Laura Kennedy

INTERVIEW WITH LAURA KENNEDY:       

How did you get started writing?

My mother was a romance writer who wrote and sold two stories a month for over thirty years. I thought all mothers wrote. When I was five, I even asked my neighbor lady where her typewriter was. I always knew I wanted to be a writer.

 

Who influenced you?

Obviously it was my mother. My dedication in Double Take reads To my mother, Marguerite McClain, who taught me how to write and is now giving writing classes in heaven. There were others who influenced me too. My mother was part of the Minneapolis WritersWorkshop that met at a downtown club every Wednesday night. They had a lot of excellent talent, all of whom I knew growing up. I especially remember Harold Sandberg, the editor of the Catholic Miss, the Catholic Boy and Hi magazines for kids. I loved visiting their offices in an old three-story mansion in the Groveland Terrace neighborhood. My mother wrote a comic strip for the Miss called Linda Laing, Airline Stewardess. Linda was always uncovering jewel thieves in disguises on her flights. I remember Mom asking my brother and me, Come on, kids, help me think of something for Linda to do this month.

 

Do you have a favorite book/subject/character/setting?

My favorite character has to be Brooke Bentley, my teenage protagonist in Double Take. She debuted in The Breeding of Lilacs, a Chick Lit novel, as the daughter of the protagonist. Double Take is Brookes third appearance.

 

What advice do you have for someone who wants to be an author?

Hmm. How about being born into a family where theres a writer? Seriously, the best advice I can give is to just write. You dont have to start big. I was never much of a journalist, but I did write a few slice of life snippets for my high school newspaper, The Roosevelt StandardI also wrote a feature about a TB sanitarium for which I won a mention in the Minneapolis Star-Tribune. 

As for your own writing, be true to yourself.  We all have a voice, that inner you who’s nostalgic or funny or thoughtful. During different decades, certain types of writing are popular, and if you can go  with that flow, great. But some of us aren’t cut out to write vampire stories, sci-fi, or Dystopian tales, no matter how popular they are at the moment.  And that’s okay. Be that fresh voice.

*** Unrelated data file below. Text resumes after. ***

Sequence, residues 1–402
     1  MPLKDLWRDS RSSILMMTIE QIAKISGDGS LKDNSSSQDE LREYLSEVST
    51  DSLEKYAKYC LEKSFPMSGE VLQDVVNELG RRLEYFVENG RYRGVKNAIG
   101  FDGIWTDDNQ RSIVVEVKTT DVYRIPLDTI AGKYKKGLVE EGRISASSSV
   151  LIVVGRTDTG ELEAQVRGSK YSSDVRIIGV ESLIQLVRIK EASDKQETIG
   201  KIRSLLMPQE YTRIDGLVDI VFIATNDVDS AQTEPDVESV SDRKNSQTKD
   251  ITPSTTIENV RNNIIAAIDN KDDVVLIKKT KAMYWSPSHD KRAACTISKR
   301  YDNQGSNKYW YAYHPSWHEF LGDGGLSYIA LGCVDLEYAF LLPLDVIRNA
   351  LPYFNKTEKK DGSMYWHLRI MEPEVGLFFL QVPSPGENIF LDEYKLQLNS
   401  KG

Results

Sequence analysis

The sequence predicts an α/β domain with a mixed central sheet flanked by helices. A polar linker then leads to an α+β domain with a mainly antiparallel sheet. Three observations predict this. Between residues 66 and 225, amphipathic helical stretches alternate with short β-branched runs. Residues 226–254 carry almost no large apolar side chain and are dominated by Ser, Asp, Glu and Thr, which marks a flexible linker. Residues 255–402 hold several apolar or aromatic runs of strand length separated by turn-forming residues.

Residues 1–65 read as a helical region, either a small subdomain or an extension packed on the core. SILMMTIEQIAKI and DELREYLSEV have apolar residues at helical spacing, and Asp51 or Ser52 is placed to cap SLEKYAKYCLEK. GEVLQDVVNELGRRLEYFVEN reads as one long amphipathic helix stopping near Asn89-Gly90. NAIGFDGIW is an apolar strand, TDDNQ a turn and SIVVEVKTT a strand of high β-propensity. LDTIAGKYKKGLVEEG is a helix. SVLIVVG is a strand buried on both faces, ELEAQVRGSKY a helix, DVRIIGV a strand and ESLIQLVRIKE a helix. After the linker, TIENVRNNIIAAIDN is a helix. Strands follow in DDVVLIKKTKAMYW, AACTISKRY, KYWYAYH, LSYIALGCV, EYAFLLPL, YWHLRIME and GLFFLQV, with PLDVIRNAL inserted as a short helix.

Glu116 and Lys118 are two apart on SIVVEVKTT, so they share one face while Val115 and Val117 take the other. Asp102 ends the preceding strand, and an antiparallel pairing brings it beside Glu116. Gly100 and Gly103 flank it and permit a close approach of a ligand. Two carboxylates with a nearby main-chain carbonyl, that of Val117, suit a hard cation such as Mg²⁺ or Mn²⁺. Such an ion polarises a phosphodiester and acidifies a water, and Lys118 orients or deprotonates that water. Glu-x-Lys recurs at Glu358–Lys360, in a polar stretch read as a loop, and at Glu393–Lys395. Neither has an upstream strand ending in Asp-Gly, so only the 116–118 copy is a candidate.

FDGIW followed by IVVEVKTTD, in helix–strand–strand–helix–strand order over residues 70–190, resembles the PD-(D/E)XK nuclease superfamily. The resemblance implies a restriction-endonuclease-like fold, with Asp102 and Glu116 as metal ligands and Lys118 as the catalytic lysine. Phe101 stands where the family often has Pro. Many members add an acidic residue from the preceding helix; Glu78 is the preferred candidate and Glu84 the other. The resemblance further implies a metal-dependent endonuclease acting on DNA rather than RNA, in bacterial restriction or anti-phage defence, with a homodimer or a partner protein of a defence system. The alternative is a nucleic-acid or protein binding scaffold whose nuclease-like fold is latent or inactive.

Where is your favorite place to write?

At my desk plunked down in front of my computer. Originally, in the Stone Age, I wrote on a typewriter. In the late 80s I began a job on a motivational magazine as a feature writer. When my editor offered the use of a computer, I said, No thanks, Im a purist.I should have said No thanks, Im a masochist.It only took a few days of pounding on the keys of an electric typewriter before I discovered the pure bliss of deleting, cutting and pasting on a computer.

 

What else would you like to tell us?

The only what else I can think of is try to make a living doing what you love. Zillions of people hate their jobs, but it doesnt have to be that way. Find your passion, then do whatever it takes to make it happen.When my granddaughter was little, she wanted to be an actress, an announcement usually met with a lack of enthusiasm by other members of the family. I encouraged her. Why not her? Hollywood needs a new crop of talent every ten years. Its the same with every other field. So, go for it? Why not? Did Lauren become an actress? No, by high school shed changed her mind and now wants to be a writer.

picture: 

Laura Kennedy


 
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